It is an important teaching of this invention that hybrid housing outer wall 46, central sleeve 48, and inner wall 50 be selectively dimensioned and are made of selected materials so that the result of such projectile damage thereto is as illustrated in FIG. 4, thereby avoiding piston jamming. These three elements 46, 48, and 50 of hybrid housing will be considered individually to bring out the importance of their dimensioning and the material selected in fabricating them.
The thickness (t) of outer wall 46 is dictated by the fatigue or other strength requirements of the system in which the actuator 12 is to be used, since outer wall 46 is the principal load carrying member of hybrid housing 20, central sleeve 48 and inner wall 50 being basically non-structural member. It is important that outer wall 46 be fabricated of a material which will generate the desired shock wave amplitude upon projectile impact and a sufficient portion of that amplitude transmitted to the central sleeve 48 and inner wall 50 to produce the desired clearing result to permit outer wall petal penetration. The factors that determine the intensity of the stress waves which are imparted to central sleeve 48 from outer wall 46 due to projectile impacting thereof are, first, the ultimate tensile strength (UTS) of the outer wall 46, and the manner in which ballistic loading rate increases that apparent strength and, second, the acoustic impedance ratio (AIR), or K, between the outer wall 46 and central sleeve 48 materials. The AIR must be sufficient that central sleeve 48 is removed (cleared) by the stress waves in the vicinity of projectile impact but not such that the central wall 48 is damaged to the extent that piston 20 is jammed.
The equation for acoustic impedance ratio is:
AIR=ρ2 c 2÷ρ1c 1
where ρ2 is the density of the central wall member, c2 is the speed of sound in the central wall member 48, ρ1 is the density of outer wall 46 and c1 is the speed of sound in the outer wall 46.
The below equation applying AIR to this case is applicable to those stress waves transmitted normal to the interface between the outer wall and central sleeve and defines the amplitude of the stress wave in the central sleeve in terms of pressure (P2): ##EQU1##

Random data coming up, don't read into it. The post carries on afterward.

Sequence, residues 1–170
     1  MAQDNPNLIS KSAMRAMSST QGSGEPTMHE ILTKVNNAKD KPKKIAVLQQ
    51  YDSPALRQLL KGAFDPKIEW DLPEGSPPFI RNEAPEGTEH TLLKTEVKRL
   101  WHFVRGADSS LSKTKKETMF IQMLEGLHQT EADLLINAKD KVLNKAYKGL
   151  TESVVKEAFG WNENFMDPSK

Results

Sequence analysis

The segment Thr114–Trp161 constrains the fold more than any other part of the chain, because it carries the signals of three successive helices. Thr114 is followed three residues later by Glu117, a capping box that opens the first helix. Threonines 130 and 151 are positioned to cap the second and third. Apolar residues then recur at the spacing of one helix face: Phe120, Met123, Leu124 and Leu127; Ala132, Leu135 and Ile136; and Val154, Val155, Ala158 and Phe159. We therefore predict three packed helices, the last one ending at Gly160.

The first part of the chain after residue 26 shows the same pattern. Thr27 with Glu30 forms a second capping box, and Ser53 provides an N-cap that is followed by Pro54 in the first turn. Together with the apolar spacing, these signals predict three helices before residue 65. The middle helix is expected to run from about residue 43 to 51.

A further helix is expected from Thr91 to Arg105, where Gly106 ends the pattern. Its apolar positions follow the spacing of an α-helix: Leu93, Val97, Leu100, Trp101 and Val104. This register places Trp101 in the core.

Where P 1 is the amplitude in the outer wall material P 2 is the amplitude in the central sleeve material.
Our experience has shown that a value of P 2 which is four to five times greater than the tensile ultimate of the central sleeve binder (epoxy resin) will cause sufficient damage to the central sleeve to produce sufficient damage volume in the central sleeve to allow petals from the outer wall to intrude without further deleterious consequences. Our experience has further shown that material combinations resulting in a value of P2 fifteen to twenty times the ultimate tensile strength of a particulate binder will result in such gross central sleeve member damage that a finite risk is run of a jam because insufficient central sleeve and inner wall material is left to guide the piston and a jam due to cocking of the unguided piston might occur. Those skilled in the art will be able to combine materials that form lower amplitude stress waves (titanium, for example) with improved acoustic impedance center sleeve 48 materials (for example, Boron, Carbide grit bonded with epoxy adhesive, the particulate central sleeve material resulting in P2 fifteen to twenty times the epoxy ultimate strength when the outer wall material was high-strength steel) to achieve the same result.